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Cytological studies have shown that the heat shock loci 93D of Drosophila melanogaster and 2-48B of Drosophila hydei have several characteristics which suggest that they are homologous loci, yet sequence homology is barely detectable by cross-hybridization. Using cloned DNA sequences we have compared the two loci. Both loci produce transcripts of similar(More)
A clone encoding a human D2 dopamine receptor was isolated from a pituitary cDNA library and sequenced. The deduced protein sequence is 96% identical with that of the cloned rat receptor with one major difference: the human receptor contains an additional 29 amino acids in its putative third cytoplasmic loop. Southern blotting demonstrated the presence of(More)
Increased plasma level of soluble urokinase-type plasminogen activator receptor (suPAR) was associated recently with focal segmental glomerulosclerosis (FSGS). In addition, different clinical studies observed increased concentration of suPAR in various glomerular diseases and in other human pathologies with nephrotic syndromes such as HIV and Hantavirus(More)
The earliest defense against microbial infection is represented by the responses of the innate (or natural) immune system, that also profoundly regulates the adaptive (or acquired) T- and B-cell immune responses. Activation of the innate immune system is primed by microbial invasion in response to conserved structures present in large groups of(More)
Cyclophilins are a family of proteins that bind cyclosporin A (CsA) and possess peptidyl-prolyl cis-trans isomerase activity. In addition, they are secreted by activated cells and act in a cytokine-like manner, presumably via signaling through a cell surface cyclophilin receptor. More recently, host-derived cyclophilin A (CyPA) has been shown to be(More)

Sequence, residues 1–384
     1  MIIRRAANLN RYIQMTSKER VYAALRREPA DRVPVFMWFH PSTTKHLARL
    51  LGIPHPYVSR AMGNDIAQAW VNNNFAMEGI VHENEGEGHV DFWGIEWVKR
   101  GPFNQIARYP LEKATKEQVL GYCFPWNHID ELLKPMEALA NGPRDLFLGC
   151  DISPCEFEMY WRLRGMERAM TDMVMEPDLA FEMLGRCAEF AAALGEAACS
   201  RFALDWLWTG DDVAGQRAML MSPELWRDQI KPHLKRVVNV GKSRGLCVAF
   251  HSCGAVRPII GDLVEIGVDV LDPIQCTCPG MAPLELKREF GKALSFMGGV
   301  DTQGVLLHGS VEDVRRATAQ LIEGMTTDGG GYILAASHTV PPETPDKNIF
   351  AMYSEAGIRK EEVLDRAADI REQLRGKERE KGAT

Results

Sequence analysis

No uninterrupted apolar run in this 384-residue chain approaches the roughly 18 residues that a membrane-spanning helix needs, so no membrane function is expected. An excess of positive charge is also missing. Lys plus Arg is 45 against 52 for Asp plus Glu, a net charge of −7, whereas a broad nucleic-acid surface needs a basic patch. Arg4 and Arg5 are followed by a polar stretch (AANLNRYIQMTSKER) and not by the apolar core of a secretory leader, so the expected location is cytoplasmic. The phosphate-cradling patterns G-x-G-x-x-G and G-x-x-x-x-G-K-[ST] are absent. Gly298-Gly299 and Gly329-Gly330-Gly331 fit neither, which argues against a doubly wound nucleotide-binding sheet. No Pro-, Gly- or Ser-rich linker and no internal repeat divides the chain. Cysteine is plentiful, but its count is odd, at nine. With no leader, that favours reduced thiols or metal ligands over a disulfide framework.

The human immunodeficiency virus type 1 (HIV-1) laboratory strains adapted to T-cell lines, as well as most syncytium-inducing primary isolates, replicate poorly in macrophages, which, beside CD4(+) T lymphocytes, are major targets of HIV-1. In the present work, we used a semiquantitative PCR-based technique to study viral entry into cells, kinetics of(More)
The natural course of human immunodeficiency virus (HIV) infection is characterized by high viral load, depletion of immune cells, and immunodeficiency, ultimately leading to acquired immunodeficiency syndrome phase and the occurrence of opportunistic infections and diseases. Since the discovery of HIV in the early 1980s a naturally selected population of(More)
Cytokines are involved early in the pathogenesis of HIV infection and disease progression as a component of immunologic dysregulation and immunodeficiency and as determinants controlling virus replication. Several steps, before and after retroviral integration into host DNA in T cells and macrophages, are affected by cytokines whereas CCR5 and CXCR4 binding(More)
OBJECTIVE To investigate, in human lymphoid tissue infected with HIV-1 ex vivo, the immunostimulatory and HIV inhibitory properties of pertussis toxin B oligomer (PTX-B) and of the genetically modified non-toxic PT-9K/129G. METHODS Human tonsils from uninfected donors were infected ex vivo with R5 or X4 HIV-1 in the presence or absence of PTX-B. Virus(More)
Current antiretroviral regimens (HAART) are generally effective in reducing viral replication to undetectable levels and inducing a raise in CD4 T cells. However, in approximately 5 to 15% of patients suppression of viral replication is not followed by an increase in CD4 T cells. Such patients may be at increased risk for opportunistic infections. Here we(More)